The Joliet Junior College Fine Arts Department is now one of the only local colleges in the area offering a state-of-the art music technology program – and students can enroll as early as this fall semester.
JJC’s program, which contains classes that teach production and sound skills, along with the fundamentals of music and music business, will help students gain careers as live sound engineers, sound editors, audio operators, composers, music producers, music teachers, or small music recording business owners. Studying music technology can also help students land unique careers, such as composing music for a video game company, or managing live sound at an amusement park.
While JJC offered music technology classes in the past, this is the first year the college has implemented a program. According to David Nuccio, program coordinator, music technology is not only a new concept for JJC, but it’s also a new field of study altogether. Colleges and universities across the country are just starting to implement these types of classes and programs into their curriculum.
According to the U.S. Bureau of Labor Statistics, music technology careers are in high demand. Postsecondary music teacher careers are expected to grow 19 percent between 2012 and 2022. Projected job growth by 2022 for sound editors, sound engineer technicians and audio engineers are 9 percent; and composers and jingle writers are 5 percent.
“Working in sound is cutting edge,” Nuccio said. “For example, let’s say you’re working in live sound. You may be working with bands during live shows, controlling all the computers and boards behind the scenes, so that it sounds as good as the musicians do in their recordings. Then, you have the people in front, monitoring and making sure the sound is all good, and the people who do tech wiring and check the signal flow.”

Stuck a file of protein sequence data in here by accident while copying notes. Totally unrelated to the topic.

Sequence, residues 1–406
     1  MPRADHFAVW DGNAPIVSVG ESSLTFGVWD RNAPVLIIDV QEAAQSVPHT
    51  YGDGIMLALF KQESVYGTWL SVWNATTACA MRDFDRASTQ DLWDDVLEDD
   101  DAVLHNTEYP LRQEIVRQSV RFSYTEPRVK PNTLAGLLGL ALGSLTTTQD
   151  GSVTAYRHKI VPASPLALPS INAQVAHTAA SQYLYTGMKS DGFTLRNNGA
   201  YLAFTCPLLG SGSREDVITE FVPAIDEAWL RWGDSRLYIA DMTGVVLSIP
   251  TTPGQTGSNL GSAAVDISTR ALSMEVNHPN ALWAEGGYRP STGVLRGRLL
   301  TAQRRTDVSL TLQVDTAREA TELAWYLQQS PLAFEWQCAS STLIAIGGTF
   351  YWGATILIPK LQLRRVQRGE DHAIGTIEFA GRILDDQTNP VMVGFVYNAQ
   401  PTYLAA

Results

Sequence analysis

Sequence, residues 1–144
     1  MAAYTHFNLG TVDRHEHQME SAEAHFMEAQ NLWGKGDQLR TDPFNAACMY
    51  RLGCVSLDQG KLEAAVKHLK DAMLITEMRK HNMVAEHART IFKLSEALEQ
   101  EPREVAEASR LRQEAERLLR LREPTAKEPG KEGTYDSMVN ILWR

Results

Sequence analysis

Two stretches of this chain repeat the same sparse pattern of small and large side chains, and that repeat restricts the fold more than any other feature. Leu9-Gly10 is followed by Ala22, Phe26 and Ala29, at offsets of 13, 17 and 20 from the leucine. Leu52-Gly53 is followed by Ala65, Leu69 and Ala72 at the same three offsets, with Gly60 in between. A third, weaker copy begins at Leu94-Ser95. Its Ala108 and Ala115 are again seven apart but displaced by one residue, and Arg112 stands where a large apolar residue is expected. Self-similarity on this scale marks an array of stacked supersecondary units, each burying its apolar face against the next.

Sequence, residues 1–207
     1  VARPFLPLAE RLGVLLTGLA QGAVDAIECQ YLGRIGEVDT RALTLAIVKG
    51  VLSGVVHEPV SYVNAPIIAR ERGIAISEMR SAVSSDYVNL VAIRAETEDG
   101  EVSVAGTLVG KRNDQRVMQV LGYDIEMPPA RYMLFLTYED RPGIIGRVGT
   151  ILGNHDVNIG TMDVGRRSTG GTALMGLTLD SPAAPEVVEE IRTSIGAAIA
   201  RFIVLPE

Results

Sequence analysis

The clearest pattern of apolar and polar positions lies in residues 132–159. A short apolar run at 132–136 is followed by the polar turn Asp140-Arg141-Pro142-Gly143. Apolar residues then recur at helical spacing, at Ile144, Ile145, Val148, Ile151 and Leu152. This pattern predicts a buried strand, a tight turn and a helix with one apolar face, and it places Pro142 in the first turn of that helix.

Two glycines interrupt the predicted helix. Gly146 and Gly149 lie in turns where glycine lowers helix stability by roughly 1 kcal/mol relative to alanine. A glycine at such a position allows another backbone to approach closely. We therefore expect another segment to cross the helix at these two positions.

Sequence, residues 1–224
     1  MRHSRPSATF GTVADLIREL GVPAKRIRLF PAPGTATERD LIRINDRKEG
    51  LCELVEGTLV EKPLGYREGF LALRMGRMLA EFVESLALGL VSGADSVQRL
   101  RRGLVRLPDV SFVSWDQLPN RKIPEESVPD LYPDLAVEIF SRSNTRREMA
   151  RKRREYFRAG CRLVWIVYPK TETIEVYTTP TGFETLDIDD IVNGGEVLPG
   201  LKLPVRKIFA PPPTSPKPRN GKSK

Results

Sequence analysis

As a former music production business owner, Nuccio is a pioneer in music technology himself. Before coming to JJC, Nuccio practiced music technology at his Chicago-based small business called “Nuccio Music Productions.” He and his company created jingles for commercials and produced other small projects.
For the past three years, Nuccio has been hard at work, developing music technology courses for students. Now that the courses have turned into a program, Nuccio is excited to teach valuable skills to JJC students – many of which he learned while an entrepreneur himself.
“JJC’s music technology program will teach students about the industry, but it will also teach them about self motivation, entrepreneurship, discipline, and how to showcase their ability,” he said. “The music technology student is not your typical music major. Many are not killer musicians, and many do not want to jump on stage to perform. But they are students who still want music in their careers.”
Nuccio said students interested in music technology should be prepared to work on challenging projects. In class, students will work with new technology including piano keyboards hooked up to computers with programs that allow students to manipulate music. JJC even has its own recording studio now, with high-tech soundboards and other audio technology.
In addition to the basics of music technology, students will also learn about copyright laws, publishing, independent music companies, and the recording industry. Students will study the music industry as a whole – from pop music to symphony, opera, jazz, and more.
Nuccio’s advice for students entering this program is key: take everything one step at a time. Focusing is just as important as working hard and being disciplined.
“You get out of it what you put into it,” he added.
Students who graduate from JJC’s music technology program will get a certificate of completion, and with that, they can either begin their career search or transfer to a four-year school.
For more information about the music technology program, contact Nuccio at email@example.com, or call 815-280-2569. For more information about JJC’s Fine Arts Department, visit www.jjc.edu/info/fine-arts.